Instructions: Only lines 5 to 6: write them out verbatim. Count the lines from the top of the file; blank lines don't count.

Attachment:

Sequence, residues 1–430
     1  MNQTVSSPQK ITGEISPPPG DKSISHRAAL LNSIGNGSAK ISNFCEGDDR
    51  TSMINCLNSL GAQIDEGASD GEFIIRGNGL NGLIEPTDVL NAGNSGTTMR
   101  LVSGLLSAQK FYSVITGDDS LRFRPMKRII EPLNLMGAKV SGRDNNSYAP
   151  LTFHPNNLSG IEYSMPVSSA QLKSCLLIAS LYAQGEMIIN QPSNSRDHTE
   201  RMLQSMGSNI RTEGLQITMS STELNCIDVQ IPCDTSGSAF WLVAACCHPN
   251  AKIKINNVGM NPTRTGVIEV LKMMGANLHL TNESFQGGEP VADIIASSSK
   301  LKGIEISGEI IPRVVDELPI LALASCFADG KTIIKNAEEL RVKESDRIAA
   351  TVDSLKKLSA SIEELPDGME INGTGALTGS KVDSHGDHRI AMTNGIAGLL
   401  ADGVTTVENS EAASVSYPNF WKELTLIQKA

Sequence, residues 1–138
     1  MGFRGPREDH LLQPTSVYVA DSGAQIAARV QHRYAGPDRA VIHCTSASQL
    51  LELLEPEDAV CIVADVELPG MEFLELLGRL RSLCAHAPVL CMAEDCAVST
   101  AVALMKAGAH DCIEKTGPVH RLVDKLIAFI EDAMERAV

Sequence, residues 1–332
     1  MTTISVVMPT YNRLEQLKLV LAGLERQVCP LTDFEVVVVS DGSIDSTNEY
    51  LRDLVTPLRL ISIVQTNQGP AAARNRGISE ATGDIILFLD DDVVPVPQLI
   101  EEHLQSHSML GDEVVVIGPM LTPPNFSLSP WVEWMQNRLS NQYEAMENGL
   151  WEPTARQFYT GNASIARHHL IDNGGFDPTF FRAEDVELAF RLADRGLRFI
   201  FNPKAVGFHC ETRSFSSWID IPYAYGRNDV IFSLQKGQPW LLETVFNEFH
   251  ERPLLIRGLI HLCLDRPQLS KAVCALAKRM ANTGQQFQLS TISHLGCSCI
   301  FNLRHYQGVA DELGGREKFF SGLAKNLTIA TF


   151  LTFHPNNLSG IEYSMPVSSA QLKSCLLIAS LYAQGEMIIN QPSNSRDHTE
   201  RMLQSMGSNI RTEGLQITMS STELNCIDVQ IPCDTSGSAF WLVAACCHPN